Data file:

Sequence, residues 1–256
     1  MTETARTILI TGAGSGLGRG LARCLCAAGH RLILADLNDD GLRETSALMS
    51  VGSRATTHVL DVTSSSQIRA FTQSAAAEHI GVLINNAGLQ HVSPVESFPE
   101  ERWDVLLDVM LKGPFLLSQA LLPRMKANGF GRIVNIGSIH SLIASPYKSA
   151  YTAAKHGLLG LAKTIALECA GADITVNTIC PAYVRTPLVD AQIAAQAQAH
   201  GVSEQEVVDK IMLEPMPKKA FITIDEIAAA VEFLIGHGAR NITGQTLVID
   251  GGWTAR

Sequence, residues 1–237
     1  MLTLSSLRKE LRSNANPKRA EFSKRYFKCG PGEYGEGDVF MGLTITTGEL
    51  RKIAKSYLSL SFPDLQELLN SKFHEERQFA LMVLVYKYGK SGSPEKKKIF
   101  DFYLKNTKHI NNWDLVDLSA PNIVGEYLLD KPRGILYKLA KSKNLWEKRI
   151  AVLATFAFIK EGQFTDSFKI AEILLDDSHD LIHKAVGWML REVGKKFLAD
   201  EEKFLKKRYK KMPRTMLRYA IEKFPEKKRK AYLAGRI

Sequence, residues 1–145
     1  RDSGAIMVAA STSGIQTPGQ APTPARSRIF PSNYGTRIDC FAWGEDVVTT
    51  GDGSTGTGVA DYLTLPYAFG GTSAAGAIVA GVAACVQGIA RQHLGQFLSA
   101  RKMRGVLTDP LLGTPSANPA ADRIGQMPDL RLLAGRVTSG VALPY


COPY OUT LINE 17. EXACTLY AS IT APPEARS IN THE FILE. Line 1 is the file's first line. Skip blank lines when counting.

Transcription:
   101  RKMRGVLTDP LLGTPSANPA ADRIGQMPDL RLLAGRVTSG VALPY